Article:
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THE SECOND EPISTLE GENERAL OF PETER - Chapter 1 - Verse 16
Verse 16. For we have not followed cunningly devised fables. That is, fictions or stories invented by artful men, and resting on no solid foundation. The doctrines which they held about the coming of the Saviour were not, like many of the opinions of the Greeks, defended by weak and sophistical reasoning, but were based on solid evidence —evidence furnished by the personal observation of competent witnesses. It is true of the gospel, in general, that it is not founded on cunningly devised fables; but the particular point referred to here is the promised coming of the Saviour. The evidence of that fact Peter proposes now to adduce.
When we made known unto you. Probably Peter here refers particularly to statements respecting the coming of the Saviour in his first epistle, (1 Pe 1:5,13; 4:13; ) but this was a common topic in the preaching, and in the epistles, of the apostles. It may, therefore, have referred to statements made to them at some time in his preaching, as well as to what he said in his former epistle. The apostles laid great stress on the second coming of the Saviour, and often dwelt upon it. Comp. See Barnes "1 Th 4:16"; See Barnes "Ac 1:11".
The power and coming. These two words refer to the same thing; and the meaning is, his powerful coming, or his coming in power. The advent of the Saviour is commonly represented as connected with the exhibition of power. Mt 24:30. "Coming in the clouds of heaven, with power." See Barnes "Mt 24:30".
Comp. Lu 22:69; Mr 3:9. The power evinced will be by raising the dead; summoning the world to judgment; determining the destiny of men, etc. When the coming of the Saviour, therefore, was referred to by the apostles in their preaching, it was probably always in connexion with the declaration that it would be accompanied by exhibitions of great power and glory—as it undoubtedly will be. The fact that the Lord Jesus would thus return, it is clear, had been denied by some among those to whom this epistle was addressed, and it was important to state the evidence on which it was to be believed. The grounds on which they denied it (2 Pe 3:4) were, that there were no appearances of his approach; that the promise had not been fulfilled; that all things continued as they had been; and that the affairs of the world moved on as they always had done. To meet and counteract this error—an error which so prevailed that many were in danger of "falling from their own steadfastness," (2 Pe 3:17,)—Peter states the proof on which he believed in the coming of the Saviour.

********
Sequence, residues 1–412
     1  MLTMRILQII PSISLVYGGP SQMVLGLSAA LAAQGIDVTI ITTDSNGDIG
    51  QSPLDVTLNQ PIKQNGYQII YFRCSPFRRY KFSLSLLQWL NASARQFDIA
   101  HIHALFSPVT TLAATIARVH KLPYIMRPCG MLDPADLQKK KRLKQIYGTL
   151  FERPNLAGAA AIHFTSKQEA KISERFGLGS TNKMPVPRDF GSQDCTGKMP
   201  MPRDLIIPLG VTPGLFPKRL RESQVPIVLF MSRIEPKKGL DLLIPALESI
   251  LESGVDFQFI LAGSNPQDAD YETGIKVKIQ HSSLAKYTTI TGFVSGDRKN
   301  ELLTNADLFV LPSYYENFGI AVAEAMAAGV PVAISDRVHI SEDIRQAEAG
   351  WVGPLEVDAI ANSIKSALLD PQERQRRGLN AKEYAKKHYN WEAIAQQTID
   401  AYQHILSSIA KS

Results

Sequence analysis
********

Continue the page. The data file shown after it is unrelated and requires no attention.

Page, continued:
But were eye-witnesses Of his majesty. On the mount of transfiguration, Mt 17:1-5, See Barnes "Mt 17:1, seq. That transfiguration was witnessed only by Peter, James, and John. But it may be asked how the facts there witnessed demonstrate the point under consideration—that the Lord Jesus will come with power? To this it may be replied,
(1.) that these apostles had there such a view of the Saviour in his glory as to convince them beyond doubt that he was the Messiah.
(2.) That there was a direct attestation given to that fact by a voice from heaven, declaring that he was the beloved Son of God.
(3.) That that transfiguration was understood to have an important reference to the coming of the Saviour in his kingdom and his glory, and was designed to be a representation of the manner in which he would then appear. This is referred to distinctly by each one of the three evangelists who have mentioned the transfiguration. Mt 16:28, "There be some standing here which shall not taste of death till they see the Son of man coming in his kingdom;" Mr 9:1,2; Lu 9:27,28.
The transfiguration which occurred soon after these words were spoken was designed to show them what he would be in his glory, and to furnish to them a demonstration which they could never forget, that he would yet set up his kingdom in the world.
(4.) They had in fact such a view of him as he would be in his kingdom, that they could entertain no doubt on the point; and the fact, as it impressed their own minds, they made known to others. The evidence as it lay in Peter's mind was, that that transfiguration was designed to furnish proof to them that the Messiah would certainly appear in glory, and to give them a view of him as coming to reign which would never fade from their memory. As that had not yet been accomplished, he maintained that the evidence was clear that it must occur at some future time. As the transfiguration was with reference to his coming in his kingdom, it was proper for Peter to use it with that reference, or as bearing on that point.
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